Based on a preliminary assessment, EFFAT welcomes aspects of today’s long-awaited publication of the EU Farm to Fork Strategy, but regrets that it leaves many social questions unanswered. Responding to the announcement, EFFAT’s General Secretary, Kristjan Bragason, writes:
We welcome the fact that the Commission has listened to some of our concerns, identifying clear objectives to improve the situation of workers employed along the food chain. But we are worried by the absence of effective and concrete actions to achieve those objectives.
Social fairness was presented as a key guiding principle of the Green Deal – a point we have been raising with decision-makers in recent months in relation to the Farm to Fork Strategy. It is also clear that the coronavirus outbreak has exposed to a wider audience the reliance in Europe on the underpaid and unseen efforts of workers in essential sectors, such as agriculture and food production.
So it is encouraging to see in the Farm to Fork Communication that the Commission has paid attention to “the importance of critical staff, such as agri-food workers.” The commitment “to mitigate the socio-economic consequences impacting the food chain and ensure that the key principles enshrined in the European Pillar of Social Rights are respected, especially when it comes to precarious, seasonal and undeclared workers” is a constructive step forward.
EFFAT also notes positively the Commission’s acknowledgement that “workers’ social protection, working and housing conditions as well as protection of health and safety will play a major role in building fair, strong and sustainable food systems.”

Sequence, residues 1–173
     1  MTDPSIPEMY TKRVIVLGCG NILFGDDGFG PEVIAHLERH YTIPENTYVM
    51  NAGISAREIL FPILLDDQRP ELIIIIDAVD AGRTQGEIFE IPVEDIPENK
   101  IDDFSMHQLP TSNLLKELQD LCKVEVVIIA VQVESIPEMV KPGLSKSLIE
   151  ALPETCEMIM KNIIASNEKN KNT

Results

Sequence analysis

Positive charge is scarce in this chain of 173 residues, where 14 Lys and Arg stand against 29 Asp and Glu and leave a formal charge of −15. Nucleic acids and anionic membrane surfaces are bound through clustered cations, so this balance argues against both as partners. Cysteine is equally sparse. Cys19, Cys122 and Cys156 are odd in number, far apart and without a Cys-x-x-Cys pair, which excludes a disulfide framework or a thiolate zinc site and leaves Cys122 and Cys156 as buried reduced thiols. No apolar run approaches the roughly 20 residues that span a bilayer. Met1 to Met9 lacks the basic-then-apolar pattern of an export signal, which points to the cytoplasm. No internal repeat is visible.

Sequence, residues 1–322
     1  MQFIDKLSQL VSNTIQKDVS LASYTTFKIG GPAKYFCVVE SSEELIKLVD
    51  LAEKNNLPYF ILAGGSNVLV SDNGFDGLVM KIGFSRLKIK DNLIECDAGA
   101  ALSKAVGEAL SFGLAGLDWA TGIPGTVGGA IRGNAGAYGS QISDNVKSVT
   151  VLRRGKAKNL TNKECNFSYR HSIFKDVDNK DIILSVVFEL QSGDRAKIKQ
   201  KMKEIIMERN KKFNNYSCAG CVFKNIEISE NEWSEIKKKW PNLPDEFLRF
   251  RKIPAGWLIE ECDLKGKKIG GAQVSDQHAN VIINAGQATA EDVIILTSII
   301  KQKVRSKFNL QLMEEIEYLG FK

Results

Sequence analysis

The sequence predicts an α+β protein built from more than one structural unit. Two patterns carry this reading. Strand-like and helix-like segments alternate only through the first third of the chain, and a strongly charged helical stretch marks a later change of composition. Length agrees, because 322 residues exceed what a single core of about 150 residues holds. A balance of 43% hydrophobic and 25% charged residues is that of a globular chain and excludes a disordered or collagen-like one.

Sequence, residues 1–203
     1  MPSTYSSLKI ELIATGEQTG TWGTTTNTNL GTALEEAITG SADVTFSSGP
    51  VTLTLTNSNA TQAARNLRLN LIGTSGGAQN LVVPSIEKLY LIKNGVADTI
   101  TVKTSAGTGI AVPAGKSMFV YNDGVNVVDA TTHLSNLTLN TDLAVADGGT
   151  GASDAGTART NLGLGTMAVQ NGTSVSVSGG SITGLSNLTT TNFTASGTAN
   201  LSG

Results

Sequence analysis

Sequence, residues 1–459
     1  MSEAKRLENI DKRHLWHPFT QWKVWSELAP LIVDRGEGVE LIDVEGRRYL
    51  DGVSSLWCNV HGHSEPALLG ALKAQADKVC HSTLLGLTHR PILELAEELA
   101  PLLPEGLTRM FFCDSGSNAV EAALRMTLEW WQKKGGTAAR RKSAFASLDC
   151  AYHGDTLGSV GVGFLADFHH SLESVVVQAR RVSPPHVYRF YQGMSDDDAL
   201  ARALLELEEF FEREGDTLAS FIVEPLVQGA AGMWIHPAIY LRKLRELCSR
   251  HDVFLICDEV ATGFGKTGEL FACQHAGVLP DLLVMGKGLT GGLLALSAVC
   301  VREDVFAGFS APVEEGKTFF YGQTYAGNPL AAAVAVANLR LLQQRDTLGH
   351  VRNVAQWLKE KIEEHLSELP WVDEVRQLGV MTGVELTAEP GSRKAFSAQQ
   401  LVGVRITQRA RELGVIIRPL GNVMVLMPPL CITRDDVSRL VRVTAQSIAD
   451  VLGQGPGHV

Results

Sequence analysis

Still, we regret the lack of effective and specific actions in the draft action plan to realise these goals. And we will be pressing for more substantial consideration of workers in the hospitality sector, which goes as we feared largely unnoticed.
There are also many other weaknesses in the announced Strategy: it will be used to strengthen only the environmental dimension of the CAP and not the social one, planned reductions in pesticide use do not factor in health risks to workers, and strategies to promote healthy and sustainable food consumption may not sufficiently address the lack of consumer awareness about the real human costs of cheap food.
From the outset, EFFAT endorsed the ambitious environmental goals set for the Farm to Fork Strategy. We fully acknowledged the urgent need for action to build sustainable and forward-looking food and farming systems, for the sake of workers and the planet. But we reiterate that to achieve true sustainability, the Farm to Fork Strategy must secure the support of unions and workers. We encourage the Commission to work with EFFAT to build on this first proposal and devise a strategy that is comprehensive and above all ensures a just transition for our sectors and a decent life for workers throughout the food chain.